​We tend to talk about security wrong: Trend Micro VP

With security touted as being everybody's responsibility, Trend Micro's Global VP of cloud security Mark Nunnikhoven believes security teams need to start acting in a manner complementary to that.
Written by Asha Barbaschow, Contributor

The security community has gained itself the title of being the team of "no": No clicking on links, no browsing particular websites, no installing certain software. Trend Micro Global VP of cloud security Mark Nunnikhoven told ZDNet this needs to change, because if security is everybody's responsibility, organisations need to act that way.

"While the board is way more cognisant of it, while CISOs might be better at working at the board level, fundamentally on the ground, we need people talking about security while they're building solutions, while they're rolling out technologies internally," Nunnikhoven said. "If it's everybody's responsibility, why have you isolated the experts in their own little team?"

Visiting Sydney from Canada to speak at the AWS Summit last week, Nunnikhoven explained that relying on a user not to click on a link is "absolutely absurd".

"We tend to tell people not to click on links, which I think is ironic because a link has one purpose in life -- to be clicked on -- yet as security people, we tell users not to click on a link," he said.

"That is a fundamental failure. If we don't want users to be clicking on malicious links, then what we should have is controls in place to filter out those malicious links, transparent to the user."

As phishing emails are getting so well crafted, Nunnikhoven said it is extremely difficult for people who are paranoid to spot them, let alone casual users. Far more effective from a security perspective, he explained, is to put in gateway filtering on the network or controls that are transparent to the user so if they do click on a bad link, all they see is the gateway control.

"That is a far better security interaction, because the onus is no longer on the user, it's on the technology. And that's what we need to build, is far better security tools and deploy them out," he said. "That's a much more pleasant security conversation."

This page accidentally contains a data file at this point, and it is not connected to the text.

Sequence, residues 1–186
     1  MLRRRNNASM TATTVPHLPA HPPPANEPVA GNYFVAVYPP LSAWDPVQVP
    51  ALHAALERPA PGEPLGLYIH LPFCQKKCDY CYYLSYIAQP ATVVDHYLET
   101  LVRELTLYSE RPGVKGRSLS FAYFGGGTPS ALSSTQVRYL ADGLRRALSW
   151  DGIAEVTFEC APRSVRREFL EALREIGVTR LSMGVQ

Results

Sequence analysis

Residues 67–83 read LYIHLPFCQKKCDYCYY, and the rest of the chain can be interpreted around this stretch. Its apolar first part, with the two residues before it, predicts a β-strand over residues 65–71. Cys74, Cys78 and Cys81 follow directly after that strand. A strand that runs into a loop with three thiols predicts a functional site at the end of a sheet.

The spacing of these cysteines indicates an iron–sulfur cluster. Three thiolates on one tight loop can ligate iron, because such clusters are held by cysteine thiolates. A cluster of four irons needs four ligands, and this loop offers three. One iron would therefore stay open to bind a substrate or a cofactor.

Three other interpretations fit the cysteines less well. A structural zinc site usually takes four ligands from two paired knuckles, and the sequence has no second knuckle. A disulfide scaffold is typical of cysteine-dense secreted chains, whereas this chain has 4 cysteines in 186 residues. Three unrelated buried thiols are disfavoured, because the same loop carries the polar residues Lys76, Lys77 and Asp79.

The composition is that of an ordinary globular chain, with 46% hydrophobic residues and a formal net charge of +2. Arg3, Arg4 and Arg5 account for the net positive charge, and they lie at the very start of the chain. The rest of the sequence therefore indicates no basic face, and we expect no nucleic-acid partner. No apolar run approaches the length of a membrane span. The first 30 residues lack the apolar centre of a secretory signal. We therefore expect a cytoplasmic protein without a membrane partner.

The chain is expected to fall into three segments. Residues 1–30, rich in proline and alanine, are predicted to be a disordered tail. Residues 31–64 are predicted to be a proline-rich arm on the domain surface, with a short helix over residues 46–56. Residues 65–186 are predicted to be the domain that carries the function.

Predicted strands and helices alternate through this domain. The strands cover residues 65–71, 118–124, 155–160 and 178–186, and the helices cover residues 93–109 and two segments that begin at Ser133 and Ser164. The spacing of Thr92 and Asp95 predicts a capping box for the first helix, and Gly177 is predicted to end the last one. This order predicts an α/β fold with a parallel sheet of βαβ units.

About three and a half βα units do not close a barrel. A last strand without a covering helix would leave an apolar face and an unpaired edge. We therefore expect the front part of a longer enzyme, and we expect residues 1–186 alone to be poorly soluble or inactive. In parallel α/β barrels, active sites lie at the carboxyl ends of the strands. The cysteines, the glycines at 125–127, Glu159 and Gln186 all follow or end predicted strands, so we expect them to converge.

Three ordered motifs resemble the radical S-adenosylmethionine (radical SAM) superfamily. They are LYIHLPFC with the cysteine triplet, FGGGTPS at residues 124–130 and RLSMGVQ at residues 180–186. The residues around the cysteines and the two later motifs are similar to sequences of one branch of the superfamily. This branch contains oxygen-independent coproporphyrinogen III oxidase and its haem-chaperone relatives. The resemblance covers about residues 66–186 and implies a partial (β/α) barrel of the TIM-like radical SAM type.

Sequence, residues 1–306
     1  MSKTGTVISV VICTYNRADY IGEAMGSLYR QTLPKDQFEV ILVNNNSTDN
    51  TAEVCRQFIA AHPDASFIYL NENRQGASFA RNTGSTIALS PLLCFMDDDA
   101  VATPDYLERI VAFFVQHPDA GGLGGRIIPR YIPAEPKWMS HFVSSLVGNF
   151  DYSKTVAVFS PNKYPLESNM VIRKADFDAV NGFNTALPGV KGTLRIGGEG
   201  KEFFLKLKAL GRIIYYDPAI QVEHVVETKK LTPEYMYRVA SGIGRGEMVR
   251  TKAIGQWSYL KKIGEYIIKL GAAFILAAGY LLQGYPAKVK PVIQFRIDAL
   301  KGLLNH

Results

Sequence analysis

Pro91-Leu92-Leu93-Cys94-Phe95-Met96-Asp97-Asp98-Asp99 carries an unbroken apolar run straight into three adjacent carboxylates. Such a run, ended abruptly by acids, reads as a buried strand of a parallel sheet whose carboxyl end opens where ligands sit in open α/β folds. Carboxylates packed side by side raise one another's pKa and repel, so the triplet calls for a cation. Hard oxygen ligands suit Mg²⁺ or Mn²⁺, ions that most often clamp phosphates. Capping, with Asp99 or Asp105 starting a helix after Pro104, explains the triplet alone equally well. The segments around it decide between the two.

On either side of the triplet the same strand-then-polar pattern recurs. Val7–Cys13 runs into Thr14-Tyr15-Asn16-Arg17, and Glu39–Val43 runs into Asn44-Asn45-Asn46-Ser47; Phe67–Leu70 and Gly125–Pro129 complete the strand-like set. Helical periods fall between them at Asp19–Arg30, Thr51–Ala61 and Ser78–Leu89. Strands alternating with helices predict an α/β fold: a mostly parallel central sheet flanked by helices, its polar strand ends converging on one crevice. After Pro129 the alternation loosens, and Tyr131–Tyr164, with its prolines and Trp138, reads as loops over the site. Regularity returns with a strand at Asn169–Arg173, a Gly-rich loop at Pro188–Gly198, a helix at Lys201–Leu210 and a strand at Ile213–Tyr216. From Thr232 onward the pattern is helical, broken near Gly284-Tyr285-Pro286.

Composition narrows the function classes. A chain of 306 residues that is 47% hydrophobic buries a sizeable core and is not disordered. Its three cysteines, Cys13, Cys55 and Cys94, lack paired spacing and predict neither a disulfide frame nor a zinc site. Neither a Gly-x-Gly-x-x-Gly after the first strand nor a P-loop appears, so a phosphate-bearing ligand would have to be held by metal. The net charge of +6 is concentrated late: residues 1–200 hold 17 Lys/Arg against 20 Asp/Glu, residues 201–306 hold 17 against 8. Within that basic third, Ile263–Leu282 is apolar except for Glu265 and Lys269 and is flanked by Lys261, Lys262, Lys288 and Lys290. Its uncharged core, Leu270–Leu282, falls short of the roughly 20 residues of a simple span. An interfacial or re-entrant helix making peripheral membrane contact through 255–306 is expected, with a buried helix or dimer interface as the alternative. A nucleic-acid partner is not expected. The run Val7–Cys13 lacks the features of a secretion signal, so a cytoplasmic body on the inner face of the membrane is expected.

Nunnikhoven took a long and circuitous route before landing at Trend Micro. A forensic scientist by training, prior to his six years at the security vendor, Nunnikhoven spent 10 years with the Canadian government in a variety of security positions after working for IBM and Noretel.

With 16 years of experience in the security game, Nunnikhoven said the industry tends to talk about security wrong.

"We tend to talk about security as a way to keep bad guys out, and while that is technically correct, I think a far more productive way to think of security is that the technical security controls of things like firewall, IPS, anti-malware, all that kind of stuff, the goal of that is to ensure that whatever you've built is doing what you want and only what you want," he said.

"So that's the flipside of -- the inverse of -- keeping bad guys out.

"The reason why I like to look at it from that way of making sure it is doing what you intended and only that is because now you're not just talking about bad guys coming in and attacking, you're also making sure that you're catching configuration errors, mistakes, performance issues, you're catching a whole host of other things."

Instead, Nunnikhoven believes security plays a better role when it isn't an isolated notion of keeping the bad guys out.

"It's part of a bigger pie, it's part of operations in general, it's part of delivering business value, and if all you're thinking about is keeping cybercriminals away from your data, you're selling yourself short and you're selling your security program short," he explained.

"The reality is that no security product is perfect. You need a multitude of controls."

Likening security to a game of football, Nunnikhoven said organisations need multiple defenders working in concert, because at some point, someone's going to get through and score.

"You need to be able to recover from that," he said.

"That's how most organisations approach security -- they're all about prevention, all about stopping it, as opposed to understanding that's a majority of what you need to be doing, but you also need to plan for resiliency and recovery.

"That's the holistic viewpoint, and I think if all you worry about is keeping bad guys out, you're doing your organisation a disservice and you'll actually have a much weaker security posture."

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